Moon Knight: The ending of episode 5 explained

“Moon Knight” was always going to be a complete Oscar Isaac-fest, but the penultimate episode of the Disney+ show takes things to a whole different level by focusing entirely on the complicated and tragic dynamic between the actor’s dual roles as the character. headline. Identities of Marc Spector and Steven Grant.

Instead of focusing on the overarching plot to stop Arthur Harrow (Ethan Hawke) from freeing Ammit, the episode deals with flashbacks and the MCU version of the afterlife from Egyptian mythology. It looks like Harrow shot Marc dead in Episode 4. This episode is about what happens next and finding out if there is a way back to the realm of the living. As such, there is no Layla (May Calamawy) in this episode, and Harrow only appears in her asylum doctor incarnation, which just so happens to be part of Marc-Steven’s mindscape. Even Khonshu (voiced by F. Murray Abraham) and the Moon Knight costume only make a quick flashback appearance.

Like the giant ship from the afterlife that she steers, the episode is helmed by the lovable hippo goddess Tawaret (voiced by Antonia Salib). She reveals that the strange asylum Marc and Steven are trapped in is part of their path to the afterlife, offering advice on what to do next. What follows is an intimate look at the deepest, darkest corners of Marc Spector’s story…and the many terrifying things that reside on her mind. Let’s dig a little deeper into the painfully painful ending of “Moon Knight” episode 5, and what it means for the show.

The truth about Steven is one of the great tragedies of the MCU.

The truth about Steven is one of the great tragedies of the MCU. And then there’s one…or is there? An amazing job for a hippo goddess Harrow is winning in the real world

After watching “Moon Knight” episode 5, MCU fans might find themselves peeling onions at the mere mention of the name Steven Grant. Good-natured but tormented Brit’s cluelessness provides ample comic relief in the show’s early episodes. Here, instead, he’s in total tragedy mode, as the show delves into the layers of his personality, somehow managing to find more and more sadness in each reveal.

For much of the episode, Steven actually comes across as the more calm and collected personality. From Tauret’s sudden appearance to his confrontation with “Doctor” Harrow, he takes many things with much more grace than Marc. However, everything falls apart the moment the truth bombs begin to fall.

Steven, you see, is actually an identity created by Marc, not the other way around. Marc’s brother (Claudio Fabián Contreras) died in an accident in a cave when the children were young and his mother blamed Marc for it. To deal with the incredibly dark situation, Marc created the identity of Steven, which he named after Dr. Steven Grant, a cheesy fictional adventurer the brothers liked, first seen in “Moon Knight” episode 4 “.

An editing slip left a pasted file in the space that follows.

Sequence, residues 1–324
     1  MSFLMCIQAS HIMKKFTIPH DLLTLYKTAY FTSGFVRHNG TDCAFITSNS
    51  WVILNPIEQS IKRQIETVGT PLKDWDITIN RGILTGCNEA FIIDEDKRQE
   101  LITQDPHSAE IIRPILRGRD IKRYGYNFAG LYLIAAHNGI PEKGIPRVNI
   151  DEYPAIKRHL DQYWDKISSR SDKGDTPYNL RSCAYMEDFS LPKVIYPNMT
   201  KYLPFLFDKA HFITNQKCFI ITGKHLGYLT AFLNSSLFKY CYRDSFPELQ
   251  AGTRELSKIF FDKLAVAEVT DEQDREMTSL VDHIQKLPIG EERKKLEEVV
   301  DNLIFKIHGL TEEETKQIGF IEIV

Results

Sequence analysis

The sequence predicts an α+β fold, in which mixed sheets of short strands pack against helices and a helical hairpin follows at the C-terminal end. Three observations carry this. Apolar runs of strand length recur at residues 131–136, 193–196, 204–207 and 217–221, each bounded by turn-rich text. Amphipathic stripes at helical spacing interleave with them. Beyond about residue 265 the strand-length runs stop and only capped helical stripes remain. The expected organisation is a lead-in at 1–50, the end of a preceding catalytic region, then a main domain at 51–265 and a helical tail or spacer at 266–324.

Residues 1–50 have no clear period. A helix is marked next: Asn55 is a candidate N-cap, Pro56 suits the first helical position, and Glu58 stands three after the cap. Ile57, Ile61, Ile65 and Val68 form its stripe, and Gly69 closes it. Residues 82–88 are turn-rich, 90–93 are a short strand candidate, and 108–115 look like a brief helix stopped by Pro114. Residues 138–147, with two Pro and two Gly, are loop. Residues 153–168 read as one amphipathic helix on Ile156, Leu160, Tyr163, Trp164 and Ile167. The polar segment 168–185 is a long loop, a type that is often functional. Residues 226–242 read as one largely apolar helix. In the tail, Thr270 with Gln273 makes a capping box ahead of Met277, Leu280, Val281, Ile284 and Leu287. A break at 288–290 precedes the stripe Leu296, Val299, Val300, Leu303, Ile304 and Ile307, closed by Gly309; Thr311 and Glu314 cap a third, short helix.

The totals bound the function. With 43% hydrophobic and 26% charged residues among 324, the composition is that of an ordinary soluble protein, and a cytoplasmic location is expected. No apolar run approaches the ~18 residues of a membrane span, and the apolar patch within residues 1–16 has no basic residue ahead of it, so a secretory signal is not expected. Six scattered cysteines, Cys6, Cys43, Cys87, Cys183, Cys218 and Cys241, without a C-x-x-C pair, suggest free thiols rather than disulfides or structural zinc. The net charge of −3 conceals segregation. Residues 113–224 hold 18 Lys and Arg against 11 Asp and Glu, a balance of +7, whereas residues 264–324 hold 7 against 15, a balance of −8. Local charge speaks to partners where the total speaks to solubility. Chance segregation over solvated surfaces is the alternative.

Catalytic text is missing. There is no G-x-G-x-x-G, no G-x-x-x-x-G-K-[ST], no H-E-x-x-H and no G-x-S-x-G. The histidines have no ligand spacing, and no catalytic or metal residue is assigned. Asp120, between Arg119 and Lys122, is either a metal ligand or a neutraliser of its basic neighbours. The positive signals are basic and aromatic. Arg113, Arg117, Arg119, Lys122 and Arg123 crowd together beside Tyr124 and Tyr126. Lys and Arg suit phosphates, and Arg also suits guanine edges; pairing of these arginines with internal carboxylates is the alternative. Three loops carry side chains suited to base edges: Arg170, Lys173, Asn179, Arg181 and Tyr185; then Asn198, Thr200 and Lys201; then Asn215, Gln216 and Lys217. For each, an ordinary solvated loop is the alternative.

Marc has allowed Steven to experience all the good and happy things in their life together, while saving all the tragic and painful events for himself. Steven doesn’t take it too well when he realizes that the mother (Fernanda Andrade) he remembers as kind and loving was actually hateful and abusive…and that she’s been dead for two months.

Incidentally, the death of Marc’s brother goes a long way to confirming that the comic book version of the character, Randall Spector, won’t be appearing in the MCU in a hurry. In the comics, the adult Randall becomes a twisted, villainous Moon Knight called the Shadow Knight, and causes endless trouble.

And then, there is one…or is there?

And then, there is one…or is there? An amazing job for a hippo goddess Harrow is winning in the real world

Revealing the true nature of Steven’s personality is one thing, but what happens to him at the end of the episode is overkill. Steven finally manages to pull himself together after the various truths about his existence. He comforts and reassures Marc, and even realizes that as part of Marc, he has what it takes to fight the lost souls of Duat on Tauret’s ship.

Unfortunately, all of this only amounts to one last tragedy for him. Instead of Marc, it is Steven who falls into the desert of the Duat and succumbs to its sands. As a final insult to injury, his seeming disappearance is what was needed to balance the scales of Tauret, meaning that Steven was ultimately what was wrong with Marc all along.

And so, Marc ends the episode as the only remaining personality (that we know of). This implies that Jake Lochley’s personality, which has been the subject of intense fan speculation since Episode 3 began dropping hints about a possible third personality, either doesn’t exist or goes about his business in a way that doesn’t affect Marc. .

However, Steven’s tragic end doesn’t mean fans of the character should angrily cancel their Disney+ subscriptions. As the episode makes clear, Steven is Marc’s creation and manifests as a fracture in his balance rather than as an entity of his own. This means Marc may still have the means to bring the affable Brit back. After all, Moon Knight had plenty of alternate personalities in the comics, and they’ve been known to return even after they’ve seemingly been banished forever.

An amazing job for a hippo goddess

An amazing job for a hippo goddess Harrow is winning in the real world

After her dramatic entrance in the last scene of “Moon Knight” episode 4, the hippo goddess Tauret plays quite a large role in episode 5. Tasked with guiding Marc and Steven to their appointed destinations in the afterlife, she weighs their hearts and offers them Guidance.